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Canberra Today 8°/10° | Monday, July 4, 2022 | Digital Edition | Crossword & Sudoku

Open garden / Christine’s magical garden of mystery

Christine Gascoyne… “I love every minute I spend working in the garden and these plants are a real pleasure for me.” Photo: Holly Treadaway

CHRISTINE Gascoyne’s large, magical garden in Gowrie is packed with a wide array of plants, including several unusual varieties she loves to experiment with.

“There’s the callicarpa shrub with metallic purple berries, an amorphophallus lily with its striking flower but horrible stench, and a persicaria painter’s palette, which has irregular splashes and markings,” she says.

“I love every minute I spend working in the garden and these plants are a real pleasure for me.”

This private garden on a battleaxe block will be open on March 2-3 as part of Open Gardens Canberra’s autumn program.

Photos: Holly Treadaway

There is a small lawn area for Christine’s grandchildren to kick a ball, but much of the garden is hidden away along winding paths that she says seem “magical and secretive” to the kids.

A hand-built parterre rose garden, succulents, trees, shrubs and perennials complete the picture, with English box hedges as dividers and deciduous trees creating a show of autumn colour.

Not to be slowed down by a complicated knee replacement surgery that didn’t go as planned, Christine says she has plenty of new jobs on the go.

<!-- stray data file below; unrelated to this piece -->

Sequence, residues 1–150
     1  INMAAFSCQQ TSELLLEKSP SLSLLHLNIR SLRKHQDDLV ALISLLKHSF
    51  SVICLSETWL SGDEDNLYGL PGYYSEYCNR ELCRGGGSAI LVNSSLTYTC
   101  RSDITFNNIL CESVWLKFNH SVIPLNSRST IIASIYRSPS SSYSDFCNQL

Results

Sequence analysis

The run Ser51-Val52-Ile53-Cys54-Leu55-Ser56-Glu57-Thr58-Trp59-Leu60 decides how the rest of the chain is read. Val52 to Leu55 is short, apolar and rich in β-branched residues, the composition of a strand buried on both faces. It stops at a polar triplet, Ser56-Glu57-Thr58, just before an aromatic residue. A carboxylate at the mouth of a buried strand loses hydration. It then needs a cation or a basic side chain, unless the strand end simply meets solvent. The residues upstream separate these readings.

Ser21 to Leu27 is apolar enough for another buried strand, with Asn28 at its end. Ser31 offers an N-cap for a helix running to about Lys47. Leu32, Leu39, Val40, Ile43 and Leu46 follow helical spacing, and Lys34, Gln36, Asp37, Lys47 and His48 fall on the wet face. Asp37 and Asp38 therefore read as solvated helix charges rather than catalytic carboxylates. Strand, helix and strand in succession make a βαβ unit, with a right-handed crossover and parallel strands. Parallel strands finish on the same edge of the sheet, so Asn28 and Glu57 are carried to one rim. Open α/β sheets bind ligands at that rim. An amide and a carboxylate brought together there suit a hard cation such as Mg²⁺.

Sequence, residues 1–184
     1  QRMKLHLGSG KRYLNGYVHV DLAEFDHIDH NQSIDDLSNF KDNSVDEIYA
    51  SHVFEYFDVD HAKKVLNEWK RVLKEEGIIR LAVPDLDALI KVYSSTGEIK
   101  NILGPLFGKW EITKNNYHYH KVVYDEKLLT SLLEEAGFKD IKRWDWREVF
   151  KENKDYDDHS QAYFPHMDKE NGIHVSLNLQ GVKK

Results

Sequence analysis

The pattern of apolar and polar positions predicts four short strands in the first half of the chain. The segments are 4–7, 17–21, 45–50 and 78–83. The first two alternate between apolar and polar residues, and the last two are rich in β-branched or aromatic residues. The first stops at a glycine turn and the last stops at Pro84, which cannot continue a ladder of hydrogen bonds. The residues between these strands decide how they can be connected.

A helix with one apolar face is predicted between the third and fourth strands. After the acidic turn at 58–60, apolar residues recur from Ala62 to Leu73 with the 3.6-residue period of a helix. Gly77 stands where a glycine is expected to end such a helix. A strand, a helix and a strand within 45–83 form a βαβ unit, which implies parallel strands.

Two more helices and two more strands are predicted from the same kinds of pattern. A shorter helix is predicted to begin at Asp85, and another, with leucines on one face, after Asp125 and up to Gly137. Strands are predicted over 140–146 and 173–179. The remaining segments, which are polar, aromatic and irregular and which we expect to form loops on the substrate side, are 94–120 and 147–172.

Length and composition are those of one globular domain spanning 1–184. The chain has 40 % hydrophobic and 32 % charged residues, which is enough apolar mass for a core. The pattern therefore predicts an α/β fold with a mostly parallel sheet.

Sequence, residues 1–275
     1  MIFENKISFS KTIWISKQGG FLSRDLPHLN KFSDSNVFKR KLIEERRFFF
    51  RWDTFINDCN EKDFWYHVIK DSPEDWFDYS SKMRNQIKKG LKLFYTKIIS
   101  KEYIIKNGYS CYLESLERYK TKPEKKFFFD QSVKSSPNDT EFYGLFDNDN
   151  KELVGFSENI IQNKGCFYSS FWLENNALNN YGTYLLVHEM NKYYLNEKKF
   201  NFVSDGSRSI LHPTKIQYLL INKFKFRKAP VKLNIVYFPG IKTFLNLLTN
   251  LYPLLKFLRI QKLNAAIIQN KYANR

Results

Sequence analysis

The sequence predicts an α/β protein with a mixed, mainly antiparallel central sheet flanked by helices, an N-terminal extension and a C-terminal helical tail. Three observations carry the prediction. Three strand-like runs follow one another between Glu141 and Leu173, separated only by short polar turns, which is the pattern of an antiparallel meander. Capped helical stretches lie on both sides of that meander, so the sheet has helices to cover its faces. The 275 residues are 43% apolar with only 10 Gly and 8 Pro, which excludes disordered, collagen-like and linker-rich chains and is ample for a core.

“My latest project is the mortared rock walls, which I’ve built myself as with everything else in the garden,” she says.

“I’ve been pulling out shrubs and sleepers to create these more defined, built-up beds that will retain moisture and soil that much better.”

The rock walls are decorated with a Spanish tile bearing the initial of each of Christine’s grandchildren, picked up on her 2016 trip to walk the Camino de Santiago trail.  

Photos: Holly Treadaway

Christine says that many of the trees she planted in 2005 when she started creating the garden are now providing shade and protection for smaller and more sensitive plantings.

“The secret to the success of the garden is soil improvement through composting, and effective drainage,” says Christine.

“I also rely very heavily on the 23,000-litre rainwater tanks that collect water from the house and garage, they’re the garden’s life source.”

Devonshire teas will be available on the weekend, as well as plants for sale.

48 Weathers Street, Gowrie, open 10am-4pm, Saturday, March 2, and Sunday, March 3. Admission $8; free to under-18s and Open Gardens Canberra members. Funds raised go to the St Vincent de Paul Society. It costs $25 to join Open Gardens Canberra and gain free entry to all open gardens until August 31. More information at

ALSO OPEN ON MARCH 2-3: Joan’s garden at 51 Dash Crescent, Fadden, and the Kambah Community Garden COGS, corner of Springbett Street and O’Halloran Circuit, Kambah


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Kathryn Vukovljak

Kathryn Vukovljak

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